When line 70 is placed in communication with the supply line 88, the pressure in line 70 increases, and the additional pressure tends to expand chamber 66. However, since chamber 66 is in opposed fluid relationship with chamber 68, that is, since control member 12 cannot move to permit expansion of chamber 66 without corresponding contraction of chamber 68, chamber 66 can can expand only if uid is drained from line 72 at the same rate at which uid is added to line 70. Conversely, if line 72 is placed in communication with the supply line 88, the pressure in line 72 will increase tending to expand chamber 68, which expansion must, however, be accompanied by an equal amount of contraction of chamber 66. Thus, the rate of change of the position of control member 12 is determined by the rate at which fluid is supplied to and exhausted from the fluid operating means 56 by the adjusting means 14.

The fluid adjusting means 14 includes primary adjusting means designated generally by reference number 90, and secondary adjustment means designated generally by reference numeral 92. The primary adjusting means includes rst supply and exhaust valve means comprising a first, normally closed, primary supply valve 94 controlling communication between supply line 88 and line 70, and a rst, normally closed, primary exhaust valve 96 controlling communication between line 72 and a primary exhaust line 106 which in turn communicates through a restriction 108 with drain line 74. The primary adjusting means further comprises second supply and exhaust valve means comprising a second normally closed primary supply valve 98 controlling communication between supply line 88 and line 72, and a second normally closed, primary exhaust valve 100 controlling communication between line 70 and the primary exhaust line 106. When supply valve 94 is actuated to its open position, line 70 is placed in communication with supply line 88 to admit additional fluid to line 70. A restriction 102 is provided in line 70 to smooth out the response of the fluid operating means 56 to pressure changes. A similar restriction 104 is provided in line 72. Valves 94, 96, 98 and 100 are electrically operated to their open positions by solenoids 94a, 96a, 98a and 100:1 respectively.

As pointed out previously, the expansion of one of chambers 66 and 68 must be accompanied by corresponding contraction of the other of chambers 66 and 68. Thus, if line 70 is placed in communication with supply line 88, line 72 must be placed in communication with exhaust line 106 in order to permit the chamber 66 to expand and move the control member 12 to a new position. Conversely, if line 72 is placed in communication with supply line 88, line 70 must be placed in communication with exhaustin order for chamber 68 to expand and adjust control member 12 in the opposite direction. When valves 96 or 100 are alternately actuated to their open positions, lines 70 and 72 are respectively placed in communication with the primary exhaust line 106 which permits fluid to drain from the respective lines 70 or 72 at a relatively slow, or ne rate.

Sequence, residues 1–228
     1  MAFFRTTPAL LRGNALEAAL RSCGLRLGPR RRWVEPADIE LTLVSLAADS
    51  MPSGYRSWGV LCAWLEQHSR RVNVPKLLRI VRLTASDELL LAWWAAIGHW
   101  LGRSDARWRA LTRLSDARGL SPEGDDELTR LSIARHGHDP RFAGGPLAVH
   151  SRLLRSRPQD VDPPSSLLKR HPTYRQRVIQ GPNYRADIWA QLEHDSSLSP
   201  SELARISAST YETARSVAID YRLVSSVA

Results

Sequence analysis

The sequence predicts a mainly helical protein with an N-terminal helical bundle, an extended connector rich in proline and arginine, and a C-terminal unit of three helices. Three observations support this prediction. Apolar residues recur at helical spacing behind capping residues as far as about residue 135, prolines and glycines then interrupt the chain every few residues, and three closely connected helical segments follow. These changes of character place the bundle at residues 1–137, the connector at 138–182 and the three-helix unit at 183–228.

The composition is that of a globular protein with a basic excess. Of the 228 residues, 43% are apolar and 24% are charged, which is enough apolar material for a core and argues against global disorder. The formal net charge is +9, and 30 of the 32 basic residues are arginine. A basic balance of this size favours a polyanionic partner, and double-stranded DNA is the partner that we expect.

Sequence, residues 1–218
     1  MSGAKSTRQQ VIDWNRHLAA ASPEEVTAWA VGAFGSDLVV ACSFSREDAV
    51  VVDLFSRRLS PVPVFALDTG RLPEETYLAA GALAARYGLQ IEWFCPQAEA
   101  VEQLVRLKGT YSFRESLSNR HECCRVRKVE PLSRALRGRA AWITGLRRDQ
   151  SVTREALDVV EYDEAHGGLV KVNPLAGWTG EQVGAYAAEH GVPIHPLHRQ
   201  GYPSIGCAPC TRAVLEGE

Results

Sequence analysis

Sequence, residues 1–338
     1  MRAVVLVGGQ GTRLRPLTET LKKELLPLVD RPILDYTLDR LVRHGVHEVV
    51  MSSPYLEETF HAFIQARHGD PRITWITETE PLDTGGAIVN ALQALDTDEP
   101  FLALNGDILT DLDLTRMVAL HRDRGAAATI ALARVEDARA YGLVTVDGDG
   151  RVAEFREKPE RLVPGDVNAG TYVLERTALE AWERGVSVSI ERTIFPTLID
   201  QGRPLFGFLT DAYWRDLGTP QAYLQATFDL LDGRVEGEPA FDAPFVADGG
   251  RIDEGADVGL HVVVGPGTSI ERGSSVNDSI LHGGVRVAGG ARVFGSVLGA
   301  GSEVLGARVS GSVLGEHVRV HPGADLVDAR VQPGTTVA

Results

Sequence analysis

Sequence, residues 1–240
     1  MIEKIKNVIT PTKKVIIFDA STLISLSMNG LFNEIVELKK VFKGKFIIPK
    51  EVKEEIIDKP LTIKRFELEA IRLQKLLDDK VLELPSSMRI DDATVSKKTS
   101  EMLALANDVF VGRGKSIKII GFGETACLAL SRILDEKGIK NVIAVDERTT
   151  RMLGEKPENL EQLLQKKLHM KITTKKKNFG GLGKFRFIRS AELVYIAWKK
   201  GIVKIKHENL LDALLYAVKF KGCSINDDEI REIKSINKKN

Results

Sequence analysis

The secondary adjusting means 92 is operable to increase the rate of exhaust from lines 70 or 72 to thus increase the rate of adjustment of control member 12. The secondary adjusting means 92 includes a third normally closed, secondary exhaust valve 110 operated by a solenoid 110a and which controls a second exhaust line or passage 114 having a restriction 116 on the inlet side of valve 110. The second exhaust passage 114 communicates 'with the primary exhaust passage 106 on the outlet sides of the primary exhaust valves 96 and 100. The secondary adjusting means 92 further includes a fourth normally closed, secondary exhaust valve 112 operated by a solenoid 112a, and which controls a third exhaust passage '118. The third exhaust passage 118 also communicates with the primary exhaust passage 106 on the outlet side of the primary exhaust valves 96 and 100.

The primary adjusting means thus has a rst active position to initiate adjustment of control member 12 at a fine rate in one direction in which the first supply valve 94 and first exhaust valve 96 are actuated to their open positions with the second supply valve 98 and second exhaust valve remaining in their closed positions; a second active position to initiate adjustment of the control member at a fine rate in the opposite direction in which the second supply valve 98 and the second exhaust valve 100 are actuated to their open positions with valves 94 and 96 remaining in their closed positions; and an inactive position to hold the control member 12 stationary which is the position shown in FIG. 1 in which valves 94, 96, 98 and 100 are all in their closed positions to trap fiuid in lines '70 and 72 and thus hydraulically look control member 12 in a fixed position. The secondary adjusting means 92 has a first active position for increasing the rate of adjustment of the control member to a medium rate when the primary adjusting means 90 is in one of its active positions in which valve 110 is in its open position and Valve 112 remains in its closed position, and a second active position for increasing the rate of adjustment of the control member to a coarse rate when the primary adjusting means is in one of its active positions in which both valves 110 and 112 are in their open positions to permit fluid to drain from one of lines 70 and 72 at a maximum rate through lines 106, 114 and 118.